Nutrition, Growth, and Metabolism
Here you will find studies about growth, nutrition and metabolic diseases in HIV-infected and HIV-exposed children, adolescents and young adults. We study the effects of HIV and anti-HIV medications on changes over time in height and weight, bone development, pre-diabetes, fats in the blood, and how the cells make energy for the body.
Click to see an infographic of overall findings from the Nutrition, Growth, and Metabolism Working Group.
Physical Activity in Youth Living with or without HIV
Adults with HIV may be at higher risk of developing heart disease. Physical activity can lower the risk of this health problem.We looked at how physical activity changes as children with HIV go through adolescence.
Vitamin D Levels During Pregnancy and Growth of Babies
Researchers have found that women living with HIV may be more likely to have a baby with low birth weight or a baby with slow growth during their first few years of life. There is also growing evidence that vitamin D levels during pregnancy can affect the health of both the mother and child. In this study, we looked at vitamin D levels of pregnant women living with HIV and the growth of their babies.
High Blood Pressure, Cholesterol, and Insulin Resistance in Youth Born without HIV
We want to know if youth born without HIV to mothers living with HIV in SMARTT are at risk for metabolic outcomes. These include high blood pressure, high cholesterol, and insulin resistance. We looked at youth in SMARTT who had high weight for their height. We compared them to similar youth in the National Health and Nutrition Examination Survey (NHANES).
Starting HIV Medications During Pregnancy and Growth in Uninfected Youth at Two Years of Age
Many pregnant women living with HIV take antiretroviral medications (ARVs) during their pregnancy. They take them for their own health and to protect their babies from getting HIV. We wanted to know if ARV exposure during pregnancy could affect how youth grow in the first two years of life. We also wanted to know if the time when a mother starts taking ARVs affects how youth grow. If youth do not grow as they should they may be at greater risk for health problems when they get older.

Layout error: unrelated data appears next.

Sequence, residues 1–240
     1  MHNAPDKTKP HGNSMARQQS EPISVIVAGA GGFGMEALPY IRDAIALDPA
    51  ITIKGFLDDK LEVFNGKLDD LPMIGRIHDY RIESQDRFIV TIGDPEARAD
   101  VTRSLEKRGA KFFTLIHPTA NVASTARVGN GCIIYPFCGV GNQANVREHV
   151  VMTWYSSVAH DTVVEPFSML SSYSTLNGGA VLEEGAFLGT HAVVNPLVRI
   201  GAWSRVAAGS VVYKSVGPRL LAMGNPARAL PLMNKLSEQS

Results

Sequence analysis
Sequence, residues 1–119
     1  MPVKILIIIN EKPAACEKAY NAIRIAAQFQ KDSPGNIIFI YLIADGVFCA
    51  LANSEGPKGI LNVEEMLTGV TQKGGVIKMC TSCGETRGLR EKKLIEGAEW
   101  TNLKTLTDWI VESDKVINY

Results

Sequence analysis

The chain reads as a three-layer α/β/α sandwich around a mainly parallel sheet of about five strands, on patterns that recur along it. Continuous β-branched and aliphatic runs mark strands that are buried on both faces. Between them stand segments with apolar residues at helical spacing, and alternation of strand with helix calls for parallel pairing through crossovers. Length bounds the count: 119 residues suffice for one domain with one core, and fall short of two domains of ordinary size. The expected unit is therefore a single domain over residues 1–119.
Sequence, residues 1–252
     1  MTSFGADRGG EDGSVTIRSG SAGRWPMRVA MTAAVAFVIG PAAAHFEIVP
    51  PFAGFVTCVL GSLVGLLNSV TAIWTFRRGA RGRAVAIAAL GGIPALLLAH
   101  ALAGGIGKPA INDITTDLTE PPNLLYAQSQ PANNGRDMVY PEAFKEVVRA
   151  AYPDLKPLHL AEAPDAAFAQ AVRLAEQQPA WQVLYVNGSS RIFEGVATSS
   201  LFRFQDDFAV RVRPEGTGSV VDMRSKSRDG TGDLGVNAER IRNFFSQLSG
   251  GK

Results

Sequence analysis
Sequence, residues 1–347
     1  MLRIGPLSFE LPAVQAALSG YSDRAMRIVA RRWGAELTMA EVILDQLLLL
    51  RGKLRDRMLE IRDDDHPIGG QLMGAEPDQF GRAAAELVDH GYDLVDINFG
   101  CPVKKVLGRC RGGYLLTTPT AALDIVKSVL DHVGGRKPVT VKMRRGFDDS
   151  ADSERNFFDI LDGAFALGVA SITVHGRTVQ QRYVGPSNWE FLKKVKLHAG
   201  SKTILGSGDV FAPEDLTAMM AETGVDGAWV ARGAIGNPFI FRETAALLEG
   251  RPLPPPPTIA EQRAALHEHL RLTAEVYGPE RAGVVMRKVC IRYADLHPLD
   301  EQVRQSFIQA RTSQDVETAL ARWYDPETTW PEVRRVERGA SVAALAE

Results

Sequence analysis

Timing of ARVs Used During Pregnancy and Childhood Growth
In this study, we looked at whether being exposed to antiretroviral drugs in the womb may affect how an infant grows in the first two years of life.
How HIV Affects Bone Health
In this study, we studied x-rays of children in PHACS to measure their bone mineral density. We compared uninfected and infected youth born to mothers with HIV. We want to look at their bone mineral density over time to understand more about how having HIV affects bone health.
Age at Start of Puberty in Children Born with HIV
In this study, we looked at doctors' reports of infected and uninfected youth born to mothers with HIV to find out when puberty began in infected youth compared to uninfected youth. We also looked to see if there was a link between taking HIV medicines and when puberty began.
Youth with HIV and High Cholesterol
In this study, we looked at protein levels in blood vessels of infected youth born to mothers with HIV to see how much fat was in their blood. We compared results with another study looking at children without HIV (born to mothers without HIV).
Body Fat Differences in Youth with HIV and HIV Exposure
In this study, we looked at body fat differences in infected and uninfected youth born to mothers with HIV by using a body composition test called a DEXA. We also looked at factors that could cause fat gain.
How Youth with HIV Make Energy
In this study, we compared how the mitochondria (energy-making cells) work in infected and uninfected youth born to mothers with HIV. We also looked at problems with the mitochondria and factors that were associated with how well the mitochondria worked.
Please note that this abstract was presented at the XIX IAS International AIDS Conference in Washington, DC on July 22-27th, 2012.